A non-invasive measure of changes in blood flow in the human anterior tibial muscle
2001 (English)In: European Journal of Applied Physiology, ISSN 1439-6319, Vol. 84, no 5, 448-452 p.Article in journal (Refereed) Published
We used photoplethysmography (PPG) to monitor blood flow changes in the human anterior tibial muscle during arterial occlusion and during isometric and concentric contractions. Single-fibre laser-Doppler flowmetry (LDF) was used as a reference in 12 healthy subjects (5 men, 7 women, mean age 24 years). Post-exercise hyperaemic muscle blood flow (MBF) was measured immediately after isometric dorsiflexion of the ankle joint at maximal contraction for 1 min and full range-of-motion dorsiflexion and plantar flexion of the ankle joint for 1 min. A thigh tourniquet was applied for the evaluation of post-occlusive reactive hyperaemia. The MBF (baseline=100%) was [mean (SD)] 150 (31)% (P = 0.003) by PPG (880 nm) and 182 (66)% (P = 0.012) by LDF. After 1 min of maximal isometric contraction, MBF increased to 150 (51)% (P = 0.003) by PPG (880 nm) and to 169 (43)% (P = 0.005) by LDF. After 1 min of maximal concentric contractions, MBF increased to 158 (59)% (P = 0.003) by PPG (880 nm) and to 170 (99)% (P = 0.008) by LDF. Skin blood flow, PPG (560 nm), did not change significantly after isometric or concentric contractions. The results indicate that reactive hyperaemia after exercise and arterial occlusion can be assessed in the human anterior tibial muscle using PPG.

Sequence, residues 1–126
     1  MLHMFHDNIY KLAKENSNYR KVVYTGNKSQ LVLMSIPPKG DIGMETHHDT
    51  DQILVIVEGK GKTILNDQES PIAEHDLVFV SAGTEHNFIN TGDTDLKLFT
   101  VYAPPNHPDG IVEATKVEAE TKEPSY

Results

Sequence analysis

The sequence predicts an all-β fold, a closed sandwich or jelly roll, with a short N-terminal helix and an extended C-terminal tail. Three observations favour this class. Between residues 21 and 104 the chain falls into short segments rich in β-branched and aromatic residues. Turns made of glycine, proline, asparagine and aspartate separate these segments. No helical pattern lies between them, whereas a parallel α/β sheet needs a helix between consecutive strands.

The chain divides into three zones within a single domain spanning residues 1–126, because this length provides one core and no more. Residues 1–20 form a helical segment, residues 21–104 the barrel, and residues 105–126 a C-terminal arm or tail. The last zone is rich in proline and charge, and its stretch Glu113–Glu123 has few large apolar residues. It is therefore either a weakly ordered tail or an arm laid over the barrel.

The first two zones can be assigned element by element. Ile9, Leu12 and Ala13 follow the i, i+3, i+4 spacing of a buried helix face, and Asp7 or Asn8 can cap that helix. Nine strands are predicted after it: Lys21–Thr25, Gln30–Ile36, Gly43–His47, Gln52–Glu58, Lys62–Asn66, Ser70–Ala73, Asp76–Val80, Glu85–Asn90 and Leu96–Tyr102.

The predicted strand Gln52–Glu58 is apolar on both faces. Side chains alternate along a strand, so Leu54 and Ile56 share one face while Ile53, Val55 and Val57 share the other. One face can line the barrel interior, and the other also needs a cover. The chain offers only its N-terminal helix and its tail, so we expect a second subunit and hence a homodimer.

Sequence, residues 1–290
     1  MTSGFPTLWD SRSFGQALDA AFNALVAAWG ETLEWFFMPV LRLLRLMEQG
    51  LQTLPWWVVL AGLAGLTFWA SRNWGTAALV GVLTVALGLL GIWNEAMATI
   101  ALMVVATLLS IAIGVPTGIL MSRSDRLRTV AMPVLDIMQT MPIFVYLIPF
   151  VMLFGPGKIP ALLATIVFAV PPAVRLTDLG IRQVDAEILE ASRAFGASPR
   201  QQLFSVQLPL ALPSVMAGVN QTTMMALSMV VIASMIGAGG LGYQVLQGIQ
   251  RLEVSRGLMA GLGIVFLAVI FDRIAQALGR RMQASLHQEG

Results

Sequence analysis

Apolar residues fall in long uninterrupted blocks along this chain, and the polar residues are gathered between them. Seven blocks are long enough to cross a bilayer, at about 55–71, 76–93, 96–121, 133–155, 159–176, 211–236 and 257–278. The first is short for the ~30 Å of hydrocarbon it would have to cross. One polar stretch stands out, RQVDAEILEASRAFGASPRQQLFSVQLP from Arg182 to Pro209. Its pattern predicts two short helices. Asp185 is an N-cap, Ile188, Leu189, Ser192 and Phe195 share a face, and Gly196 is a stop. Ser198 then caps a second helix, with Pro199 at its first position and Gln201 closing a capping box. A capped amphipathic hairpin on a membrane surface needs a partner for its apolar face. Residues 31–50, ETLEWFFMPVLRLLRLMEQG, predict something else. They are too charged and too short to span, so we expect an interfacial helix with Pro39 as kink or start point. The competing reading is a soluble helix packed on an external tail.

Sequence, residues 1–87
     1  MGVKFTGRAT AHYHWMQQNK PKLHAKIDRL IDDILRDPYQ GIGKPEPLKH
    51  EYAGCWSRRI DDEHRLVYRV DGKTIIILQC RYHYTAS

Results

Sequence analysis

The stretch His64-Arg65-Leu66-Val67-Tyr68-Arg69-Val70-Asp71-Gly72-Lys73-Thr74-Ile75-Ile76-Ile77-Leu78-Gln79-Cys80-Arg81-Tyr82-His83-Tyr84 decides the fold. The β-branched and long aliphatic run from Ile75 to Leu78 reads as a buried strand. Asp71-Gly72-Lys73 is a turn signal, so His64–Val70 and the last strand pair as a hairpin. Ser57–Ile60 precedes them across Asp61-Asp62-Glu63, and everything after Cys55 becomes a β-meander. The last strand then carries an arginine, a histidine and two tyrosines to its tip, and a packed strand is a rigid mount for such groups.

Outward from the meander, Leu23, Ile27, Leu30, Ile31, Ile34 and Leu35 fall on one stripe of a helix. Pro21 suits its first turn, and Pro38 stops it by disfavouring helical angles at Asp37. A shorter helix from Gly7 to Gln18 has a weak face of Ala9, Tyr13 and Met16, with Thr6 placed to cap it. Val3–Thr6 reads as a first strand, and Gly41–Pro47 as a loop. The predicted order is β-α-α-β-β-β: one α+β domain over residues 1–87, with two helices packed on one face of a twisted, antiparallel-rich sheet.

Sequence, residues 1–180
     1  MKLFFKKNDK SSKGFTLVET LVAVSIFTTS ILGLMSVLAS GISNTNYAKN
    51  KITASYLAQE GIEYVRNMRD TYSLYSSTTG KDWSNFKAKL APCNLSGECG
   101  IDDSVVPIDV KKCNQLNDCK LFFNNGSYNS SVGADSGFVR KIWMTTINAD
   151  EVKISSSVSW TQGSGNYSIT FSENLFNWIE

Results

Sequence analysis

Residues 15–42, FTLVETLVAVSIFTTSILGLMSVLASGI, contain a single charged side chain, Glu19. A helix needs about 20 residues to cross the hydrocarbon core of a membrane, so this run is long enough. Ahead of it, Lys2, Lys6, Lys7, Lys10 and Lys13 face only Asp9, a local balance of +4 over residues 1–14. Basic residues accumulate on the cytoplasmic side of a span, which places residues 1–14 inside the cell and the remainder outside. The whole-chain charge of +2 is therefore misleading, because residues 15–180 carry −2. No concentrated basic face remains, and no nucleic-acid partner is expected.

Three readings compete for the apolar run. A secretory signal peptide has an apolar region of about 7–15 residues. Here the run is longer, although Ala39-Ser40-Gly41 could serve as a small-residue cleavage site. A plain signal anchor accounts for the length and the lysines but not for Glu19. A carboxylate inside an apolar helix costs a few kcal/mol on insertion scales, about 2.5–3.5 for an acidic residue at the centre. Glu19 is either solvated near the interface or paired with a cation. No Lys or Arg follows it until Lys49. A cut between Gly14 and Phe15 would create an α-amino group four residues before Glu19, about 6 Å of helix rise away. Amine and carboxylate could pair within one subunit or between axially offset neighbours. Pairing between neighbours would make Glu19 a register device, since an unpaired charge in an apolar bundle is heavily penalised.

Place, publisher, year, edition, pages
2001. Vol. 84, no 5, 448-452 p.
Medical and Health Sciences
IdentifiersURN: urn:nbn:se:liu:diva-32892DOI: 10.1007/s004210100413Local ID: 18837OAI: oai:DiVA.org:liu-32892DiVA: diva2:253715